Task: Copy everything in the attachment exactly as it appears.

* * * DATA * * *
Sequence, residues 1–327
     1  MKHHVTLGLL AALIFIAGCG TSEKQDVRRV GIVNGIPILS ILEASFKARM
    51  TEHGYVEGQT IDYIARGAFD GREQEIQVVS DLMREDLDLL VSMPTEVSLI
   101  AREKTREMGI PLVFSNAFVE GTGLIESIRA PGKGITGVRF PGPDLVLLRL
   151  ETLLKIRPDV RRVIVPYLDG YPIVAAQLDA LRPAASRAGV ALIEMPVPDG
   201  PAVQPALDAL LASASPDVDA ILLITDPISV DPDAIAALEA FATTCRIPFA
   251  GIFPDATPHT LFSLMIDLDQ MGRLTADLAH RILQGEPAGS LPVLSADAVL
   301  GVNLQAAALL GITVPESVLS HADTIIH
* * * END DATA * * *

Sequence, residues 1–327
     1  MKHHVTLGLL AALIFIAGCG TSEKQDVRRV GIVNGIPILS ILEASFKARM
    51  TEHGYVEGQT IDYIARGAFD GREQEIQVVS DLMREDLDLL VSMPTEVSLI
   101  AREKTREMGI PLVFSNAFVE GTGLIESIRA PGKGITGVRF PGPDLVLLRL
   151  ETLLKIRPDV RRVIVPYLDG YPIVAAQLDA LRPAASRAGV ALIEMPVPDG
   201  PAVQPALDAL LASASPDVDA ILLITDPISV DPDAIAALEA FATTCRIPFA
   251  GIFPDATPHT LFSLMIDLDQ MGRLTADLAH RILQGEPAGS LPVLSADAVL
   301  GVNLQAAALL GITVPESVLS HADTIIH